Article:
Dubai: ‘Outstanding’ and ‘Very Good’ Dubai schools will be allowed to opt out of the regular inspections if they choose a “differentiated inspection” based on self-evaluation and sharing excellence with other schools, it was announced on Monday.
The option is part of a new initiative of the Knowledge and Human Development Authority (KHDA), whose Dubai School Inspection Bureau (DSIB) rates schools Outstanding, Very Good, Good, Acceptable, Weak and Very Weak, based on annual inspections.
The KHDA discussed the arrangement with school principals during a meeting on Sunday regarding the Abundance Group initiative.
For the first time since inspections began in 2008, Outstanding and Very Good schools who choose to participate in the initiative will be given the option of a differentiated inspection based on self-evaluation, “allowing them to focus their resources on giving back to other schools”, the KHDA said.
Out of the 149 schools inspected, there are currently 16 outstanding and 13 very good schools.
The Abundance Group project will see “mutually beneficial, long-term learning partnerships established between schools”.
It is understood that high-achieving schools will share their expertise in various areas, such as language skills or prudent management, with schools that stand to gain from such practices.
Sir Christopher Stone, Chief Education Officer, GEMS Education, said: “The KHDA’s Abundance Group initiative is an innovative programme that will help Dubai’s schools continue to improve through greater collaboration. We at GEMS will support any initiative that works to improve the education sector, in support of the UAE National Agenda, Dubai Future Agenda and the overarching Dubai Expo 2020 theme of ‘connecting minds, creating the future.”
More details are expected to be announced at a later stage. Schools wishing to participate in Abundance Group projects will be invited to attend a “design-thinking session” at the start of the next academic year in September.
Meanwhile, self-evaluation has been part of the inspection system since the beginning. All schools have been required to submit a Self-Evaluation Form and School Improvement Plan with supporting documents and evidence.
Commenting on the new option, Dr Abdullah Al Karam, chairman of the board of directors and director-general of KHDA, said: “At this stage, we believe it is essential to map out a different way forward; a smarter approach that makes good use of the abundant knowledge, skills and talents our schools have, and enables them to share these with others in Dubai.”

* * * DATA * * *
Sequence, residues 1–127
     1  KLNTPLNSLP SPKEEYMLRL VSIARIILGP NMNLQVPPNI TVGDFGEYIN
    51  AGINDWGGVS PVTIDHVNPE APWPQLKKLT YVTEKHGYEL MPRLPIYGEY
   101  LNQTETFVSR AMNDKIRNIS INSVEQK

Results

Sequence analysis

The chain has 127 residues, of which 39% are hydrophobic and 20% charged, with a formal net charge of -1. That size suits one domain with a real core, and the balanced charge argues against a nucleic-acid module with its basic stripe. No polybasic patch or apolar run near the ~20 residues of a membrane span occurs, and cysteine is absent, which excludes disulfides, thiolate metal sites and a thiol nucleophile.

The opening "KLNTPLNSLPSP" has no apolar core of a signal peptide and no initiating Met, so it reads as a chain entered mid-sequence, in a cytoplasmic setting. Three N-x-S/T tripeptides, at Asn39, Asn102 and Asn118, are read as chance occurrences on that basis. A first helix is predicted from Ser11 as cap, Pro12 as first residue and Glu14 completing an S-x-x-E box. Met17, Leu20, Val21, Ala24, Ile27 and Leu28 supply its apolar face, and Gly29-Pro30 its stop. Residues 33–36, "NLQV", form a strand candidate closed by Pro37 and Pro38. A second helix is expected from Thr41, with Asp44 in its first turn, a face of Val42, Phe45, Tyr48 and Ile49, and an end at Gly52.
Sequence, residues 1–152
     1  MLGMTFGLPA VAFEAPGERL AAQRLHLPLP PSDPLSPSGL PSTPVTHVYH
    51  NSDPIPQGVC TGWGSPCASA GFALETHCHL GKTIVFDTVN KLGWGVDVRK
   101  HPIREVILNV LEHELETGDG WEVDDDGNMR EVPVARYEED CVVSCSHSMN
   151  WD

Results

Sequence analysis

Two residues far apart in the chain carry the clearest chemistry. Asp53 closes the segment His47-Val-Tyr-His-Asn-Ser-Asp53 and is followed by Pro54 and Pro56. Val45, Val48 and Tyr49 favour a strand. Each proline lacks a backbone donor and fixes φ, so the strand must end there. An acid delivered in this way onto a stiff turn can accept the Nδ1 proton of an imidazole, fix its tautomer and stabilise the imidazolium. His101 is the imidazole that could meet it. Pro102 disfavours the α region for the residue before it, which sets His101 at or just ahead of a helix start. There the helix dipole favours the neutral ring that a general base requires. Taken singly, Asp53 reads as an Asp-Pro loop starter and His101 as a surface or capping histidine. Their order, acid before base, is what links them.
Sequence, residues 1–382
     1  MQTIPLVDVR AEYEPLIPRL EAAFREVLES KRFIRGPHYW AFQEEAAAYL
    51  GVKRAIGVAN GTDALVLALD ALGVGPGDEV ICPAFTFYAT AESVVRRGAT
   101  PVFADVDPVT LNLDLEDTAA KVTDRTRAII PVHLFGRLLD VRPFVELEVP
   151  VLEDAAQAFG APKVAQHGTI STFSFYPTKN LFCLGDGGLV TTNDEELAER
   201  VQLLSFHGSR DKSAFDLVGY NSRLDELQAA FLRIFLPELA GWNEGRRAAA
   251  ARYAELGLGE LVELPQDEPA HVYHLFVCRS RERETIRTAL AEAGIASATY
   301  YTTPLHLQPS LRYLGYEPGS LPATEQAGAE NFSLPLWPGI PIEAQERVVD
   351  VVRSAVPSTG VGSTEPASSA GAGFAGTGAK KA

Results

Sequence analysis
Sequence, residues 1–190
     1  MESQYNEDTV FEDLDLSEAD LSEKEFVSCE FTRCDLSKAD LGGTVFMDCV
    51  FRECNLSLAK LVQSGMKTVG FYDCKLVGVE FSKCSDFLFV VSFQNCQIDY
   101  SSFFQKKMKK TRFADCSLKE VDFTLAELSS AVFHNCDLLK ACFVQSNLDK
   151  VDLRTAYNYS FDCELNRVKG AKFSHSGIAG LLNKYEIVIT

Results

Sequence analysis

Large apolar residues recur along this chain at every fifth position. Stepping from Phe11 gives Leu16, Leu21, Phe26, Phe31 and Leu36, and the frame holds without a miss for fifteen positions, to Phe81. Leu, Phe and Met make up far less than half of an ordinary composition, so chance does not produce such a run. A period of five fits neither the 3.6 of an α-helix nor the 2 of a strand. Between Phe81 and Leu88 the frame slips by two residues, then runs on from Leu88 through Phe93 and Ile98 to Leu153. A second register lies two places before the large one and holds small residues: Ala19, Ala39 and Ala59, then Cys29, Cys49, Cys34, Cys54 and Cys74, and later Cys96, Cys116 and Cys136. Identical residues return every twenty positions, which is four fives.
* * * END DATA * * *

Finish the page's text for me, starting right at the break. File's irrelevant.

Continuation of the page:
He added: “We are confident that schools in Dubai will continue to improve in future, and we trust in the commitment to excellence that our highest achieving schools have shown.”
Dubai schools have been improvingly steadily since inspections began and witnessed the greatest improvement in the latest cycle. The number of schools that have been rated good or better has risen to 29 in 2015-16, up from four in 2008-09.
It means 61 per cent of students currently in schools rated ‘good’ or higher. This represents an eight per cent jump – the highest year-on-year improvement – in pupils attending good or better schools since the last academic year (2014-1015).
Previously, such annual improvements were limited to only two to three per cent, on average.
School inspections – a new way forward
Schools in Dubai have heaved a sigh of relief after they were presented an option to skip the gruelling annual Knowledge and Human Development Authority’s (KHDA’s) annual inspection.
Of the multi-curriculum schools that attended a recent meeting at the KHDA headquarters, those with outstanding or very good rating can skip the annual school inspections and still have their status maintained for one year. A total of 29 scools received top ratings.
Sources from the Dubai academic sector told Gulf News that schools with the top ratings have been given the option of self-evaluation. “This is only an option. So schools who do not approve of the option can go ahead and allow the regular KHDA inspection. However, those who do agree to this option will basically have to rate themselves on Dubai School Inspection Bureau (DSIB)’s Self Evaluation Form (SEF). This form has printed and specific criteria and the schools can rate themselves on where they rate themselves on each departmental performance and send the form to KHDA. The rating will continue to be valid for the entire annual year without the inspection. However, if the authorities find the schools lacking on any front then they will disregard that form and continue to go ahead with the inspection.”
Most outstanding and very good rated schools are expected to opt for self-evaluation as it is likely take the pressure off the teachers and also get them to be consistently good on a voluntary basis, say academicians. School teachers are known to feel under pressure with the onset of external inspections.
KHDA’s newly setup Abundance Group refers, according to the source, to schools with high ratings that have everything in abundance and which will be donated in kind as replacement from the “inspection holiday”.
“What that compensation will be decided at the next meeting which is likely to be held when schools open in the next term, around September 6,” said the source.
By Suchitra Bajpai Chaudhary, Senior Reporter
Latest school inspections (2015-16 academic year)
- 149 schools inspected
- 16 outstanding
- 13 very good
- 57 good
- 56 acceptable
- 7 weak (no schools rated very weak)
- 61 per cent of students now in schools rated ‘good’ or higher, compared to just 30 per cent in the 2008-9 school year